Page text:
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Please help me identify my "unknown unknowns"


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#1 GeorgeCH   Members   -  Reputation: 128

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Posted 27 March 2014 - 04:05 AM

Dear all,

 

First time poster here, and really glad to have found this community. A friend of mine and I are looking into creating an iOS game. Neither one of us has any graphics or technical skills or prior experience in software development, so we will be outsourcing the entire process from start to finish. We are presently working on a detailed game design document before soliciting bids from vendors, and are largely approaching this as an investment.

 

One issue that's giving me quite a bit of trouble is that drawing up a GDD can only take us so far - I'm sure there are some things that I wouldn't even think of that are quite necessary for a successful iOS game. For example, let's take analytics - all successful games run an analytics solution that tracks how users interact with the game and enables the developer to optimize revenue. However, analytics is not something that's readily apparent to the user - unless you do sufficient research, you wouldn't even know that an analytics solution exists! So, someone drawing up a GDD without such experience would omit it from the GDD - with the eventual result that the end product would be fundamentally crippled.

 

Now that I know about iOS back-end analytics, I can work them into the GDD and ensure that the developers produce it. However, I am worried about what are the other things out there that I wouldn't know about, that are not apparent to the user, and that are yet completely essential for the game?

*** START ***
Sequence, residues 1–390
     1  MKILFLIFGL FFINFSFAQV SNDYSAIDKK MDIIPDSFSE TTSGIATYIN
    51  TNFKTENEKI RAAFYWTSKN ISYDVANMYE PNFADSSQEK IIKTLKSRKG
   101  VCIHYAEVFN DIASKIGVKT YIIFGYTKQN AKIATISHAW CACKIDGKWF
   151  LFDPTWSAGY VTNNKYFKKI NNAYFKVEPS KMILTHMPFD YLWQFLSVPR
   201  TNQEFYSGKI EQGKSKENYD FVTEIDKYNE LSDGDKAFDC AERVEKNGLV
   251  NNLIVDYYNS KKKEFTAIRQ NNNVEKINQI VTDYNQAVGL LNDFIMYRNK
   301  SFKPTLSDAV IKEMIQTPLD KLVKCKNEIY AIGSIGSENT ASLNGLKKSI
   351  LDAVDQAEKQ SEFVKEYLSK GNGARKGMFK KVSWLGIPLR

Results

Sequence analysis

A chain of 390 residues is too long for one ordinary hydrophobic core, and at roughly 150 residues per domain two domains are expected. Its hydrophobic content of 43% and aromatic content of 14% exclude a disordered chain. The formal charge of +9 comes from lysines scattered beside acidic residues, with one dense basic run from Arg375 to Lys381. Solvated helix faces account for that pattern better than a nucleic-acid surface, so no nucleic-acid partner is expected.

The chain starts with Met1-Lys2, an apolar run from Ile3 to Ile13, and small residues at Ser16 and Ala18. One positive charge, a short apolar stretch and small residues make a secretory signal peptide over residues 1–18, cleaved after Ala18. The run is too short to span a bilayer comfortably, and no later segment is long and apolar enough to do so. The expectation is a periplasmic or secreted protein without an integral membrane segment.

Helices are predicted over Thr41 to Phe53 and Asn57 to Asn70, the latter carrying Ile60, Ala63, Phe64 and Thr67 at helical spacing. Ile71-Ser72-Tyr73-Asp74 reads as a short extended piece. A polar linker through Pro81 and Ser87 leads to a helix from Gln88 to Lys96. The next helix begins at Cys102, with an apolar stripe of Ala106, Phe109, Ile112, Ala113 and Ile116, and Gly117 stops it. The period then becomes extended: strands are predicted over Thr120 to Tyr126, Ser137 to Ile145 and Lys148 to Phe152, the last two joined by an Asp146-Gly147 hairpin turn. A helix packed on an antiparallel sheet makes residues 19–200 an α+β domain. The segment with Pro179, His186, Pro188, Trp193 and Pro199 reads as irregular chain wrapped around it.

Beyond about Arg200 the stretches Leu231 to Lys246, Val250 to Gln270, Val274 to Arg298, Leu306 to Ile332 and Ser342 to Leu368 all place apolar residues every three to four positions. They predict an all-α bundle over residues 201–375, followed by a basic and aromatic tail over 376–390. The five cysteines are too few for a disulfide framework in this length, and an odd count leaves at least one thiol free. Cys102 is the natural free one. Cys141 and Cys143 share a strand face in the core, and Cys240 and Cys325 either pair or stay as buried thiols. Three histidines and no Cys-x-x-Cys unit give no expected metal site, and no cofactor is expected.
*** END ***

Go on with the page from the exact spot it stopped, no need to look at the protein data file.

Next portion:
Is there a place where I can learn more about such "unknown unknowns", or perhaps a kind soul could post some tips? I was thinking of hiring a consultant who can give their perspectives on these non-apparent best practices - would this be a good approach?

 

Looking forward to your guidance,

George



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#2 Ashaman73   Crossbones+   -  Reputation: 6735

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Posted 27 March 2014 - 04:43 AM

It is a common way, at least for non-gameing software, to write down all your requirements and design and give it to a software studio . The people at the software studio will write down a (technical detailed) proposal with a price tag (most likely >100k for a small project). You then have to negotiate about all the requirements, the kind of development (you want to be part of an agile process) and additional costs (eg. change requests, maintainance, license costs etc.).

 

Therefor you dont really need knowledge about the unknown, but you need to know what you want. The game design should be clear, and the wish of what other features (account management, adverticing, analytics) should be written down as requirements. Maybe an up-front workshop or consulation (<10k) would help you to refine your ideas.

 

Though, this are my experiences in non-gaming software development, where this approach is quite common, I dont really know if this way is applicable to the gaming industry. It might be more difficulty and harder  to do (vision of final product != reality biggrin.png ). At least it is really expensive. sad.png


Edited by Ashaman73, 27 March 2014 - 04:44 AM.


#3 GeorgeCH   Members   -  Reputation: 128

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Posted 29 March 2014 - 10:28 AM

It is a common way, at least for non-gameing software, to write down all your requirements and design and give it to a software studio . The people at the software studio will write down a (technical detailed) proposal with a price tag (most likely >100k for a small project). You then have to negotiate about all the requirements, the kind of development (you want to be part of an agile process) and additional costs (eg. change requests, maintainance, license costs etc.).

 

Therefor you dont really need knowledge about the unknown, but you need to know what you want. The game design should be clear, and the wish of what other features (account management, adverticing, analytics) should be written down as requirements. Maybe an up-front workshop or consulation (<10k) would help you to refine your ideas.

 

Though, this are my experiences in non-gaming software development, where this approach is quite common, I dont really know if this way is applicable to the gaming industry. It might be more difficulty and harder  to do (vision of final product != reality biggrin.png ). At least it is really expensive. sad.png

 

Thank you, Ashaman (RJ fan?), this is incredibly helpful! I'll focus on the design and trust the developers to advise me on any blind spots I may have missed.






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